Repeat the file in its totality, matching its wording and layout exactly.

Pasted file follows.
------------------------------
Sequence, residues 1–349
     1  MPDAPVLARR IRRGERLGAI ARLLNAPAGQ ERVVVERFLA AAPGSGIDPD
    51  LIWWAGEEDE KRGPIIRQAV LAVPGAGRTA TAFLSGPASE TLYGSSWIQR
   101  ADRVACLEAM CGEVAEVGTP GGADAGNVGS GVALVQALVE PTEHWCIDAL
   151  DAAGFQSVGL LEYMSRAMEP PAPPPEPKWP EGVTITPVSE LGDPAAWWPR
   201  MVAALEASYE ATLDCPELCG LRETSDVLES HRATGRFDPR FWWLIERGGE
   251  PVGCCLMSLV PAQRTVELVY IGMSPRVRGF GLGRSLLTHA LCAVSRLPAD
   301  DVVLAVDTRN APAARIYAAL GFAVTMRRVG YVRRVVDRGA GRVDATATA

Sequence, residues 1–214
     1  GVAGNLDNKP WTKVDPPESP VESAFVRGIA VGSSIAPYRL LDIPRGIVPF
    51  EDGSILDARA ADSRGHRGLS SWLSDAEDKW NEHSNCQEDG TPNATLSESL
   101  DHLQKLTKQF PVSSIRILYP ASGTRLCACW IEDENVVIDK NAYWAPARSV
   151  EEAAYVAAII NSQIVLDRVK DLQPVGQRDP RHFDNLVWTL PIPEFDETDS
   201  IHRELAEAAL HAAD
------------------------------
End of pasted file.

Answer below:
Sequence, residues 1–349
     1  MPDAPVLARR IRRGERLGAI ARLLNAPAGQ ERVVVERFLA AAPGSGIDPD
    51  LIWWAGEEDE KRGPIIRQAV LAVPGAGRTA TAFLSGPASE TLYGSSWIQR
   101  ADRVACLEAM CGEVAEVGTP GGADAGNVGS GVALVQALVE PTEHWCIDAL
   151  DAAGFQSVGL LEYMSRAMEP PAPPPEPKWP EGVTITPVSE LGDPAAWWPR
   201  MVAALEASYE ATLDCPELCG LRETSDVLES HRATGRFDPR FWWLIERGGE
   251  PVGCCLMSLV PAQRTVELVY IGMSPRVRGF GLGRSLLTHA LCAVSRLPAD
   301  DVVLAVDTRN APAARIYAAL GFAVTMRRVG YVRRVVDRGA GRVDATATA

Sequence, residues 1–214
     1  GVAGNLDNKP WTKVDPPESP VESAFVRGIA VGSSIAPYRL LDIPRGIVPF
    51  EDGSILDARA ADSRGHRGLS SWLSDAEDKW NEHSNCQEDG TPNATLSESL
   101  DHLQKLTKQF PVSSIRILYP ASGTRLCACW IEDENVVIDK NAYWAPARSV
   151  EEAAYVAAII NSQIVLDRVK DLQPVGQRDP RHFDNLVWTL PIPEFDETDS
   201  IHRELAEAAL HAAD